Are conglomerate back in fashion?See the pic for the answer
Google’s reorganisation and Warren Buffett’s latest acquisition have reignited the debate about the merits of the conglomerate model.
FEW management fashions have waxed and waned quite as dramatically as that for conglomerates. From the 1960s to the 1980s business gurus praised conglomerates such as ITT of America and Hanson Trust of Britain as the highest form of capitalism. Today they routinely dismiss them as bloated anachronisms. Companies should stick to their knitting; investors should minimise risk by investing in a portfolio of companies rather than backing corporate megalomaniacs. Peter Lynch, an investment guru, talks about “diworsification”. Stockmarkets routinely apply a sizeable “conglomerate discount” to diversified companies.
Google’s transformation into a conglomerate is being driven by two things: technology and cash. The company believes that information technology will transform all manner of established industries, from transport (driverless cars) to education (online courses) to homebuilding (smart thermostats and the like). This means that the company has to put its fingers into all sorts of pies. Google also has a growing cash pile that gives it the luxury to make bets on all sorts of other projects, such as creating artificial meat or delivering internet access through a network of balloons, that might come to nothing or might change the world.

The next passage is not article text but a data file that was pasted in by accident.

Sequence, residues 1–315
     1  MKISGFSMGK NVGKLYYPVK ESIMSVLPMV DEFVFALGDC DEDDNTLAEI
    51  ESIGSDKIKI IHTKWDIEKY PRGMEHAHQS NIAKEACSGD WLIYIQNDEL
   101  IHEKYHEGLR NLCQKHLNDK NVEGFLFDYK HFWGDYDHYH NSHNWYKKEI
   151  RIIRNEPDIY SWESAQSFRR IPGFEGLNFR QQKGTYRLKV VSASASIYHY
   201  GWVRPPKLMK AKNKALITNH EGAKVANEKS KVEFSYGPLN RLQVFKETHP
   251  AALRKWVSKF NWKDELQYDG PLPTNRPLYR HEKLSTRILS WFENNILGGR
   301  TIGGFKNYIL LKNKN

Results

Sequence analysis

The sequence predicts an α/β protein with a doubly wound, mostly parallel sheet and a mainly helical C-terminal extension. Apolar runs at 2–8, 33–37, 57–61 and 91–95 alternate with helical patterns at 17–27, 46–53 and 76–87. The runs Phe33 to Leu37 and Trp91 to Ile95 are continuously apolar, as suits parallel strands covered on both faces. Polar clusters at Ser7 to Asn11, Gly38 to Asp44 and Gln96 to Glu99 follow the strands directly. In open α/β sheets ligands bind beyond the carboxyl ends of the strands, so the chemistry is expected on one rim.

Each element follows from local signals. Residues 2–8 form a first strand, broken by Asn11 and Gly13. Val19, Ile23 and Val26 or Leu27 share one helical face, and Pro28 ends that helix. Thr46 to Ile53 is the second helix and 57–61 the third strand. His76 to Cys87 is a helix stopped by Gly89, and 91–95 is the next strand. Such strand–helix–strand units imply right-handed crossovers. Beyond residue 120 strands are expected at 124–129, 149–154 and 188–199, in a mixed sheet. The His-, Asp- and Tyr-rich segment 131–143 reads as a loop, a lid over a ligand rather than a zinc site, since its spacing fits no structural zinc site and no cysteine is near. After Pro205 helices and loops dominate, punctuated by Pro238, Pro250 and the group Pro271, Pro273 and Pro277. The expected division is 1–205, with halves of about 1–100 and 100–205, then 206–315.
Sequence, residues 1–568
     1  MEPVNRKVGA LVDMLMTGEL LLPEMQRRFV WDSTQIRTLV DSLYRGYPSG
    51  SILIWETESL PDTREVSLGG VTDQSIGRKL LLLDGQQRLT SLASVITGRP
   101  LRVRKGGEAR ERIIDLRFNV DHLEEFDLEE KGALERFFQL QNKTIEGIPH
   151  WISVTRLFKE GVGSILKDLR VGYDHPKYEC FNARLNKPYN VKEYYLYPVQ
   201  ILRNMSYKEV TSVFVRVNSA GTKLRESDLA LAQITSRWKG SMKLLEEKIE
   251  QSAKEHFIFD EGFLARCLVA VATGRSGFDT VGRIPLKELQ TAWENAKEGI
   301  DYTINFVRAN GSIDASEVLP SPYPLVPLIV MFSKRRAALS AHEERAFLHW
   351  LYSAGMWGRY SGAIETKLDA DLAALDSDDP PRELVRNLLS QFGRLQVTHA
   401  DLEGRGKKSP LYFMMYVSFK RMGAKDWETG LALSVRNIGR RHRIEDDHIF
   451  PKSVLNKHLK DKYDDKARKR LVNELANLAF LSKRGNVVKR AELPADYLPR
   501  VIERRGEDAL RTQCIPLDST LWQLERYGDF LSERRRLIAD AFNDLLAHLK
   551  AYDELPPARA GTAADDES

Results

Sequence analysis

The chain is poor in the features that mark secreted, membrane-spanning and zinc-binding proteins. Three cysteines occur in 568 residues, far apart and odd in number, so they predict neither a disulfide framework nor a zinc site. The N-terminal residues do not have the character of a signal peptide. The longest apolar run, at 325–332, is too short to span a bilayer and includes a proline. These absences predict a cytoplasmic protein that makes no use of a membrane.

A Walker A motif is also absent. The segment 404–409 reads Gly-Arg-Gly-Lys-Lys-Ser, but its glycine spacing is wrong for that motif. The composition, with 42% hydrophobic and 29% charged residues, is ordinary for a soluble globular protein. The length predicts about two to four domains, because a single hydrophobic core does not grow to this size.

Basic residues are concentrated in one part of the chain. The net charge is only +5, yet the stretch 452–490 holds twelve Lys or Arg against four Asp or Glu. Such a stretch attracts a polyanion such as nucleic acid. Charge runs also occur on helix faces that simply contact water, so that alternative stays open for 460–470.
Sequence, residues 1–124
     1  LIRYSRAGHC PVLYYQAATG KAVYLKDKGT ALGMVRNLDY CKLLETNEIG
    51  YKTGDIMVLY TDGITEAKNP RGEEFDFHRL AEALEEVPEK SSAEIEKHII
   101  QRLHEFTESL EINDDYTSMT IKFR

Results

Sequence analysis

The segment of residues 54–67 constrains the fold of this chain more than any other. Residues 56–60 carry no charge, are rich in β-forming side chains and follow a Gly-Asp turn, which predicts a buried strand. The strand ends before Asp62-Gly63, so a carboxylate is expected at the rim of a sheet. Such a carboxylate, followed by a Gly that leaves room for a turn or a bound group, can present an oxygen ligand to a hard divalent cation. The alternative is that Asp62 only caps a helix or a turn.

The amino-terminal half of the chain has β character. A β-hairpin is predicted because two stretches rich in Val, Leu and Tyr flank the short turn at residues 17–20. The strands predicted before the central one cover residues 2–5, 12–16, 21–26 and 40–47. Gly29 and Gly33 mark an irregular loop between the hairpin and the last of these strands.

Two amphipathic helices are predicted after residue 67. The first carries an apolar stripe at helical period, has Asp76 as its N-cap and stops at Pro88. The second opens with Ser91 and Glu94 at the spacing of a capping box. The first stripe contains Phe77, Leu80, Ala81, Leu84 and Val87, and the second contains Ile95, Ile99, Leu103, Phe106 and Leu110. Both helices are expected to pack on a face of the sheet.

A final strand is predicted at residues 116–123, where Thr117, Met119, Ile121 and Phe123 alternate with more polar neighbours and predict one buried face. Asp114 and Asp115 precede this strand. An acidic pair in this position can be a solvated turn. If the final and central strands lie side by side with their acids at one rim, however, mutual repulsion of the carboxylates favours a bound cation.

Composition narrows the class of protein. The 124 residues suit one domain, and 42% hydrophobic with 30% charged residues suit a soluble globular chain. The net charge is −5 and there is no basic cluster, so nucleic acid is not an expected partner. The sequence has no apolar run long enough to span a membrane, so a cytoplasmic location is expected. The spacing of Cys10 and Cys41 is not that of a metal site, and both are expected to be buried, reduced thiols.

Other tech billionaires are diversifying, each in his own way. Jeff Bezos’s Amazon is investing in server farms and drones. He also personally owns the Washington Post. Mark Zuckerberg’s Facebook is investing in virtual-reality equipment. Elon Musk, the boss of Tesla, an electric-car maker, has separate companies that are investing in space travel and solar-energy systems
But it is now clear that you should not apply the same conglomerate discount to all diversified groups. There are now more examples than ever of a new breed of high-performing conglomerates that bear little relation to the bloated dinosaurs of old. Some possess managerial talents that allow them to achieve rapid growth in an era of stagnation. Others are led by multi-talented entrepreneurs with the ability to revolutionise old industries by applying new technologies. Focused companies may still be safer bets for many investors. But the best conglomerates have the patience and skills to end up changing the world.